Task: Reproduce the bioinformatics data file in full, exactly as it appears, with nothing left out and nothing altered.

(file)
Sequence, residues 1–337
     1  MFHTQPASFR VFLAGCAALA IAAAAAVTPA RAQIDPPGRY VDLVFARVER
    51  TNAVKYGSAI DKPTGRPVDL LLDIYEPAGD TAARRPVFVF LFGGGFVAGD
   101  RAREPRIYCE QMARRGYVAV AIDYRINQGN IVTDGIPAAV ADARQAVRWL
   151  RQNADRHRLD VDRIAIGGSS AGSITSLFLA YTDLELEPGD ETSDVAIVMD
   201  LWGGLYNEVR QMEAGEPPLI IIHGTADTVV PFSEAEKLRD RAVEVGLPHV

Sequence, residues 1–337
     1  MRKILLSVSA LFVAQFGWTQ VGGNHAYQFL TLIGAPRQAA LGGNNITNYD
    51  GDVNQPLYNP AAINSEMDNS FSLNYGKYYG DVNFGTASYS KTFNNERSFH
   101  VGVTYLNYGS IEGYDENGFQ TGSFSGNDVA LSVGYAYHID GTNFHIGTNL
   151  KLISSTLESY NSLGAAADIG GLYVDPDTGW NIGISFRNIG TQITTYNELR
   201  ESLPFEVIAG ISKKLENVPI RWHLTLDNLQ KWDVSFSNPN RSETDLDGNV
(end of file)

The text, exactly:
Sequence, residues 1–337
     1  MFHTQPASFR VFLAGCAALA IAAAAAVTPA RAQIDPPGRY VDLVFARVER
    51  TNAVKYGSAI DKPTGRPVDL LLDIYEPAGD TAARRPVFVF LFGGGFVAGD
   101  RAREPRIYCE QMARRGYVAV AIDYRINQGN IVTDGIPAAV ADARQAVRWL
   151  RQNADRHRLD VDRIAIGGSS AGSITSLFLA YTDLELEPGD ETSDVAIVMD
   201  LWGGLYNEVR QMEAGEPPLI IIHGTADTVV PFSEAEKLRD RAVEVGLPHV

Sequence, residues 1–337
     1  MRKILLSVSA LFVAQFGWTQ VGGNHAYQFL TLIGAPRQAA LGGNNITNYD
    51  GDVNQPLYNP AAINSEMDNS FSLNYGKYYG DVNFGTASYS KTFNNERSFH
   101  VGVTYLNYGS IEGYDENGFQ TGSFSGNDVA LSVGYAYHID GTNFHIGTNL
   151  KLISSTLESY NSLGAAADIG GLYVDPDTGW NIGISFRNIG TQITTYNELR
   201  ESLPFEVIAG ISKKLENVPI RWHLTLDNLQ KWDVSFSNPN RSETDLDGNV